away in the mountains – meaning a major chore for Reyes Gomez, 24,
her husband.

“We can’t get that much wood,” Garcia says. At the same time, she
believes that Roni died, and Jose is sick, because “we drink the
water without boiling it.”

The family tried to get help for Roni. Gomez carried the boy 13
miles down the muddy road to La Esperanza – the nearest city.
Doctors took blood and urine samples and sent Gomez and his son to
a regional hospital 60 miles across mountains in Comayagua.

There, nurses sent them back to La Esperanza. Gomez turned to a
private specialist who suggested a test for $147. Gomez sold the
family’s bull for $264 to pay for the test. The specialist
concluded Roni’s hepatitis was chronic. There was nothing to do.
Gomez carried his son home. Six nights later, on Dec. 28, as
parents and grandparents cradled him, Roni died.

“It’s very hard to lose a son,” Gomez said. “You want to kill

Doctors face similar cases every day.

More people worldwide enter hospitals with waterborne diseases than
with any other type of ailment, said Mark Brown, chief of the
United Nations Development Program. Lack of safe water ranks among
the leading causes of death. An estimated 2 million children a year
are victims of water-related diarrhea, U.N. spokesman Farhan Haq
said. Typically, the diarrhea comes from swallowing fecal

In a dimly lit emergency ward along the northern coast of Honduras,
Dr. Marta Benitez said 40 percent of her patients are children sick
from foul water. It’s a bigger killer than the mosquito-borne
malaria and hemorrhagic dengue fever that also haunt Central

During a recent night shift, Benitez and two nurses handled five
critical cases. One dehydrated boy, Daniel Ramos, 3, lay on a
gurney, eyes rolling as he drifted in and out of consciousness,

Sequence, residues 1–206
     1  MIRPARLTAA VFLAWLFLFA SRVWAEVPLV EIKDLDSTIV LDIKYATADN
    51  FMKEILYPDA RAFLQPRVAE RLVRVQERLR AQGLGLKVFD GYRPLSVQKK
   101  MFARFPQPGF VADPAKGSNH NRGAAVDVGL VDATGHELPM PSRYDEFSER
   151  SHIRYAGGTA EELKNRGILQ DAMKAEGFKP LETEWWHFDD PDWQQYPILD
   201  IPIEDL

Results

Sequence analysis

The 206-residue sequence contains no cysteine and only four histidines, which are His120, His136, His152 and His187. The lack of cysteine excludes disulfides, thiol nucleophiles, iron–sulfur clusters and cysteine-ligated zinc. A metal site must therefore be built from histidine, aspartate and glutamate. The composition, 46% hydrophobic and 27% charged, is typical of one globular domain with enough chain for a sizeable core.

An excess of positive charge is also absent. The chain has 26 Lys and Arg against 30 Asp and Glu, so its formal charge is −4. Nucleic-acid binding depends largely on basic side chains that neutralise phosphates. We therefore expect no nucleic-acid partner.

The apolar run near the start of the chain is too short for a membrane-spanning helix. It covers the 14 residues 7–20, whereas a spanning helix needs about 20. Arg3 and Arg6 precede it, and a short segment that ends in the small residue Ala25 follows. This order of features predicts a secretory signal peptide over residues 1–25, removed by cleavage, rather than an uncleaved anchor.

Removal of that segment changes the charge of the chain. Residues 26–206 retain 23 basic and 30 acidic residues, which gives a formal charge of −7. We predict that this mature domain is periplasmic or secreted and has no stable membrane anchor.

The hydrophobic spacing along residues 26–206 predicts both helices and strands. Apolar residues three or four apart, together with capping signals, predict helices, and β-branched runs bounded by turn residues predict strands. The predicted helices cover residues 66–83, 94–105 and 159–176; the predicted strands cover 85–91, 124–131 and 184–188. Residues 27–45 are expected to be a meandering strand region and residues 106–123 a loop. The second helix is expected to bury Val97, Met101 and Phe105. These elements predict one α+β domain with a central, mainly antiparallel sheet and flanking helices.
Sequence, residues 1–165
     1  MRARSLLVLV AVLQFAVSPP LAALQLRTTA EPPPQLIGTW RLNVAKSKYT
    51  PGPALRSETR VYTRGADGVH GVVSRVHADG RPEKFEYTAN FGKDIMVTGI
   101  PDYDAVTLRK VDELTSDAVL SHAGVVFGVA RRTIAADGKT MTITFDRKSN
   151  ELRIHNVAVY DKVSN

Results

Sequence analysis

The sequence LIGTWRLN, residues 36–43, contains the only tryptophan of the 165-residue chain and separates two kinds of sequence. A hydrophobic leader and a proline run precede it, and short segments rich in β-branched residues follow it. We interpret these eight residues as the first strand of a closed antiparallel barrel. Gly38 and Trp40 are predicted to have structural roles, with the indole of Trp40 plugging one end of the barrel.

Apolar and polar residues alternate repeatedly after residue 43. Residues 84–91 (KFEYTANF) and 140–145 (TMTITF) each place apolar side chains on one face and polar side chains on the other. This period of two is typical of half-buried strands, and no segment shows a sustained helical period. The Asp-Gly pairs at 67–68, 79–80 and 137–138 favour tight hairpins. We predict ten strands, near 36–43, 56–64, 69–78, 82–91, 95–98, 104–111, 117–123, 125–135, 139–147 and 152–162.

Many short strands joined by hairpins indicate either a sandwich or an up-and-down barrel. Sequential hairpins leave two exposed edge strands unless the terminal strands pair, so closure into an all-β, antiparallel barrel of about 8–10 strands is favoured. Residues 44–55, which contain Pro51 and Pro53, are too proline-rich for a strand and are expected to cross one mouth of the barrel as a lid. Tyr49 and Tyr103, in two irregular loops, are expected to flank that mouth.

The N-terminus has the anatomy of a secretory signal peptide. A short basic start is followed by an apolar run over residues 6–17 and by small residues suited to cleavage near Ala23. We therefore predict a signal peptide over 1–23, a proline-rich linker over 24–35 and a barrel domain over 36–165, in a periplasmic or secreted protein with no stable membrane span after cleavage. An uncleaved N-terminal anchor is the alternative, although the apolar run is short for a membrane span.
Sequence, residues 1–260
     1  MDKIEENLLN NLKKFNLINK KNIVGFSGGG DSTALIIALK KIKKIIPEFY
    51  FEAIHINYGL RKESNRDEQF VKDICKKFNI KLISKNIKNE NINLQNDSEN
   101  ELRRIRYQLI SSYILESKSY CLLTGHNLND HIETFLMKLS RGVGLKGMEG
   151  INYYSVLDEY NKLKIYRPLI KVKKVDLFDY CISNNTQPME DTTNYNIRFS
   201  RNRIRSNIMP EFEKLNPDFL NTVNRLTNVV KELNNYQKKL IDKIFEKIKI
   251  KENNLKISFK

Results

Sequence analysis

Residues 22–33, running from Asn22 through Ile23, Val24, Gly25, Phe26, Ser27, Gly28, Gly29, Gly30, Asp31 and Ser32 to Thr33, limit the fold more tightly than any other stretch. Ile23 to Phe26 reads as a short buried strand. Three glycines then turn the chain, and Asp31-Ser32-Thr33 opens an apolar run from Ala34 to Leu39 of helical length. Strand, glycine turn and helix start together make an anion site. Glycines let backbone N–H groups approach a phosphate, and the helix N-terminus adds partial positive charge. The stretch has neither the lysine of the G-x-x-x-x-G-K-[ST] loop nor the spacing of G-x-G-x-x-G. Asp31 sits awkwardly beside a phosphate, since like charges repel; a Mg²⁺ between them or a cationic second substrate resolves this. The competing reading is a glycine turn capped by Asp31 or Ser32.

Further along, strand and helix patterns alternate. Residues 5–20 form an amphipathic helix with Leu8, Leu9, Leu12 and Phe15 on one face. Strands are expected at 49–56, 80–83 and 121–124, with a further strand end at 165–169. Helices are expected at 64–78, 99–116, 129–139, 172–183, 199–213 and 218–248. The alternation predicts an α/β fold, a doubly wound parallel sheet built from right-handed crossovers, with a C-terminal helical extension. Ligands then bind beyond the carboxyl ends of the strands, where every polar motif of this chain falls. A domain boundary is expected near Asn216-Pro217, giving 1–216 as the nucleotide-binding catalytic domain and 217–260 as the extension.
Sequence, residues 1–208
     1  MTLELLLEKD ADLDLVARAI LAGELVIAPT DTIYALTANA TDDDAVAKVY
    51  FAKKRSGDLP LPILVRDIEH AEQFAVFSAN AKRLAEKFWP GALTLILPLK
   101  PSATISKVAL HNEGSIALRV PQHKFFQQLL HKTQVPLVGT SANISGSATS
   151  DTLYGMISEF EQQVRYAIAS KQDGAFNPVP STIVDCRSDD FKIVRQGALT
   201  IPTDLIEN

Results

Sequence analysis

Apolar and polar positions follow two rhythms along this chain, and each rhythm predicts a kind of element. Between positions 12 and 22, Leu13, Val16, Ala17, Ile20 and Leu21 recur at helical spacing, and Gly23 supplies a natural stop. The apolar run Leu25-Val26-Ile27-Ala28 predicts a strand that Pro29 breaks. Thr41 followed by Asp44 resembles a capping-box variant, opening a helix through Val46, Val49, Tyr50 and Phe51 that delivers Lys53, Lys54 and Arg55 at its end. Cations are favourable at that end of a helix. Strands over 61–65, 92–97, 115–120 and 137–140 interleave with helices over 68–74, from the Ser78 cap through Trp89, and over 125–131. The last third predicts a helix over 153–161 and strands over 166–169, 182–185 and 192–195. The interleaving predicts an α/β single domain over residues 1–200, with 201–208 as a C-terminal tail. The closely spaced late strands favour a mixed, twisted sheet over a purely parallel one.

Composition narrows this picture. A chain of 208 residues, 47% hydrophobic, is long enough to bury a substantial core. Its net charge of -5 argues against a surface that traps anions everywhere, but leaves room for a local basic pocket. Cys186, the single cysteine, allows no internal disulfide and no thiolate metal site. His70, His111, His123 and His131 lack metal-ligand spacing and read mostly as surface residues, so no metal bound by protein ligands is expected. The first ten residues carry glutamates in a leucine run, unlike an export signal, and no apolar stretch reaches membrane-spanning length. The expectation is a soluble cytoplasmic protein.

loops of white tape holding an intravenous tube on his tiny right

“He’s always sick with diarrhea,” said his mother, Esperanza
Hernandez, 27. He’d been crying that his stomach hurt, and in the
middle of the night his family hustled down a rocky trail from
their village in foggy forests above banana plantations. “I was
worried he would pass out on the way to the hospital,” Hernandez

The family drinks stream water. “We don’t boil the water,” said
Dolores Ramos, the boy’s grandmother, “because we don’t like the
taste of boiled water.”

Benitez told the parents to just wait. “With IV, I think he’ll
respond.” As they hung their heads, she added: “We could prevent

Polluted water hurts people in countless ways. Typhoid and cholera
flare regularly. Waterborne parasites cause onchocerciasis –
“river blindness.” Other parasites contribute to malnutrition.

And everywhere, girls give their lives to the chore of hauling
water for their families.

Miriam Garcia, 13, and her friends recently balanced 20-pound water
buckets on their heads along the Guaymitas River on the outskirts
of El Progresso, an industrial boomtown in northern Honduras. They
had to quit school after third grade.

“My mother doesn’t come to get water because her hip hurts, so I